The wheels of change are turning, according to veteran journalist Dan Rather.
In a post on his Facebook page, Rather warned those who try to circumvent the will of the people will see a backlash from a new generation taking over the leadership of the United States.
"But as we see voters rise up in elections across the nation, as we see a new generation of candidates for office claim that now is their time, as we see even the mighty NRA under siege with former corporate allies scurrying for the exits, it is a timely reminder: NO president...NO interest group... NO political party is bigger than the nation at large," he wrote Friday.
The 2018 election will be the first election the entire Millennial Generation will come of age to vote. The generation has long been held to be a powerhouse due to it's volume. Generational scholars differ on when the generation actually began with some who set it at 1980 and others at 1982 and stops at 2000. That accounts for anywhere between 80 million and 95 million voters added to the electorate.
These voters are among the most diverse generation in history, the most tolerant, the least religious and the most suspicious of institutions like the National Riffle Association and the Republican Party.
The end of this generation will add to the beginning of Generation Z, which accounts for the thousands of students at Stoneman Douglas High School demanding action on gun safety.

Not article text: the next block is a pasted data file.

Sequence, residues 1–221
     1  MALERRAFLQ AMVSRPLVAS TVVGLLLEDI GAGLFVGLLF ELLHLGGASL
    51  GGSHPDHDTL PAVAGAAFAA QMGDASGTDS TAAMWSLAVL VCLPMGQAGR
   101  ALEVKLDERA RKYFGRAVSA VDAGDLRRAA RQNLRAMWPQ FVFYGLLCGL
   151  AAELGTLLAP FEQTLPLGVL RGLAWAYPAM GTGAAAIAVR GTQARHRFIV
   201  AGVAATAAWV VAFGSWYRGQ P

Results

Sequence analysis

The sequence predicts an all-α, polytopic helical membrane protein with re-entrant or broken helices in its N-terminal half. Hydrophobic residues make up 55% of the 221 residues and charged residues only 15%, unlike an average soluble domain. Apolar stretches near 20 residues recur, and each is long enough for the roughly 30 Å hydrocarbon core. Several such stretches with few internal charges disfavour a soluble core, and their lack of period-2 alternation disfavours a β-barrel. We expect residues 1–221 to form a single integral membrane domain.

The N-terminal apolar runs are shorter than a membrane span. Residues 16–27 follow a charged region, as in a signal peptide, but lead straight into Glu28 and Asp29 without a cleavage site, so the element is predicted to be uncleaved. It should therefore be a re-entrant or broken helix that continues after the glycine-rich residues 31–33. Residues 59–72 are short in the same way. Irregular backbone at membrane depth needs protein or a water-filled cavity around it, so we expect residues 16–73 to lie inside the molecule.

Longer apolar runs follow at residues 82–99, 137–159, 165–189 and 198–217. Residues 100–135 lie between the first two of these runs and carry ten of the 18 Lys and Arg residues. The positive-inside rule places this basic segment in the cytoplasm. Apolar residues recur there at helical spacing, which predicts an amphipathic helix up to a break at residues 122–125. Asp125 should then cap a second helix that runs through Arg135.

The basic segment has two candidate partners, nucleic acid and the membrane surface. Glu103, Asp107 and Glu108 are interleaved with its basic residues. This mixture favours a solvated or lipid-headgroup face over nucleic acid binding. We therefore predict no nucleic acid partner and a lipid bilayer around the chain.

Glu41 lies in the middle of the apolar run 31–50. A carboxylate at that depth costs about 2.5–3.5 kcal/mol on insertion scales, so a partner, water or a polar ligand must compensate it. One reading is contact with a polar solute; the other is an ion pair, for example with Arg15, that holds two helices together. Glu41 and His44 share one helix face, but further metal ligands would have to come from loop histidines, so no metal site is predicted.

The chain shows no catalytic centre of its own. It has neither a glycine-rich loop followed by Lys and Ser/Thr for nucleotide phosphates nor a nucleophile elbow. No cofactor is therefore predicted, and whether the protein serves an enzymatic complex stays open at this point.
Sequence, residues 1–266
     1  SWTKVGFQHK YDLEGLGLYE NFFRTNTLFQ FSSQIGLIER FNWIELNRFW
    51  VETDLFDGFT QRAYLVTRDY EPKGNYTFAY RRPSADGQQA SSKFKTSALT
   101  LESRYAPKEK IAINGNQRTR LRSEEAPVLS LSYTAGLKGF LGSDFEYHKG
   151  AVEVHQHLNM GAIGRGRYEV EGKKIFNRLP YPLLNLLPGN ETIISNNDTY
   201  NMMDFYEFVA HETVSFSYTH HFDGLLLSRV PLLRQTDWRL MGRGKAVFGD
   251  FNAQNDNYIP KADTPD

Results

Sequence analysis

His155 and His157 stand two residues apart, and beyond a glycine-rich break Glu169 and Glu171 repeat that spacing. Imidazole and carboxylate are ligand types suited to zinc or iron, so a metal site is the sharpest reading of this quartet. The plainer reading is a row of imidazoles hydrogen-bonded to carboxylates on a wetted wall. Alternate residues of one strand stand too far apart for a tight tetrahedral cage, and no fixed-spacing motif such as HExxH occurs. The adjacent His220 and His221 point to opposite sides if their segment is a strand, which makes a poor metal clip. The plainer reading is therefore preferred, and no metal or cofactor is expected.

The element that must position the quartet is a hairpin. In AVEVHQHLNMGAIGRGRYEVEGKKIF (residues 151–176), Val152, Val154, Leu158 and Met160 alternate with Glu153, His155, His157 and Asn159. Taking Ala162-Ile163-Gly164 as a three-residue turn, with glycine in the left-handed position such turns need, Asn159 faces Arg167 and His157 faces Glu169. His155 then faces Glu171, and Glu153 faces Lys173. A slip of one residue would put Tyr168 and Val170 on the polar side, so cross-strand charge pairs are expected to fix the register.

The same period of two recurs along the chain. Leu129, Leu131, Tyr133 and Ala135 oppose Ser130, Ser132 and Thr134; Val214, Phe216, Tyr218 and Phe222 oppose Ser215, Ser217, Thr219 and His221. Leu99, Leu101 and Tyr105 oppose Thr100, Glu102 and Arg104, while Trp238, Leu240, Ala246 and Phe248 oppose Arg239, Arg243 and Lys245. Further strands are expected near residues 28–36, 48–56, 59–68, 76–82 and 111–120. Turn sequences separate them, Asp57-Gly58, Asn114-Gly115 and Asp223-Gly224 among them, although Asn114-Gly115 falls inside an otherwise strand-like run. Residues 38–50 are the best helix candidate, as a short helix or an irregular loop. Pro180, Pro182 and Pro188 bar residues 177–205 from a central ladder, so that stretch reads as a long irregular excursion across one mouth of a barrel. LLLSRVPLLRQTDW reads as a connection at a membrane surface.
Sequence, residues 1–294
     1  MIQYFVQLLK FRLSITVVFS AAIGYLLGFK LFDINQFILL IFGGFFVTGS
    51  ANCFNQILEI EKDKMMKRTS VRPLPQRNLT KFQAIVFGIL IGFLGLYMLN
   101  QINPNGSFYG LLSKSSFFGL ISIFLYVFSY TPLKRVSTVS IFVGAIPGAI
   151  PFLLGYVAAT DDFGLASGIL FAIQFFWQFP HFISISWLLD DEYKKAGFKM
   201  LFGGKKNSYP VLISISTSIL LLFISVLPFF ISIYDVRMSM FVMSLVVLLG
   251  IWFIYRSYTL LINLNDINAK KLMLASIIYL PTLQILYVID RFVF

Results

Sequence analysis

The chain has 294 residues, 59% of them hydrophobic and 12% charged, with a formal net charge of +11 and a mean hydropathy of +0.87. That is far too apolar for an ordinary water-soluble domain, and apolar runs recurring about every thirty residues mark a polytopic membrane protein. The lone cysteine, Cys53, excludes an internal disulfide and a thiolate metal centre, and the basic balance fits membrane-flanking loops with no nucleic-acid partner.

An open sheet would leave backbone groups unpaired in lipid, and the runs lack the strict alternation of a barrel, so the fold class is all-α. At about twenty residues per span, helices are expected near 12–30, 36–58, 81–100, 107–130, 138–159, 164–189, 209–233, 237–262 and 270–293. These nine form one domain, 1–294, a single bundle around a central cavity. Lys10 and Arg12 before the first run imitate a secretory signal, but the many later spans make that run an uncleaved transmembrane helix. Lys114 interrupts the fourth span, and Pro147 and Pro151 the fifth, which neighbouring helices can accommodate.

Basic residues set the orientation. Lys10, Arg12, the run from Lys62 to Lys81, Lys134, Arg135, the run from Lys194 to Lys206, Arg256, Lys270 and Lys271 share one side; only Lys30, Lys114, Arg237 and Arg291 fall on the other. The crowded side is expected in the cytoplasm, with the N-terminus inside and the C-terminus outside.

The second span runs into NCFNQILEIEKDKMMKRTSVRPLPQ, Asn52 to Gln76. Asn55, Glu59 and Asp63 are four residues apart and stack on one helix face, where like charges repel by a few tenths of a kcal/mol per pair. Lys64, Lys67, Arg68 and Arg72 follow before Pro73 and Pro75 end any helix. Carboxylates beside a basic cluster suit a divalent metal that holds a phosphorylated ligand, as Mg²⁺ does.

"Those who seek to subvert the will of the majority will work very hard to make it seem like your voices will never be heard," Rather wrote. "They will make it seem like your votes don't count, like your values are outside of the norm of true American patriotism, that you must show respect to those who show you only disdain. Don't believe it. Cynicism and intimidation are often the refuges of the weak in an effort to make themselves seem strong."
Rather noted that he has seen over and over as movements begun by the minority has managed to change the course of history. Millennials and Generation Z make up a hefty portion of that minority, and they've taken to the streets this week.
Read Rather's full commentary below: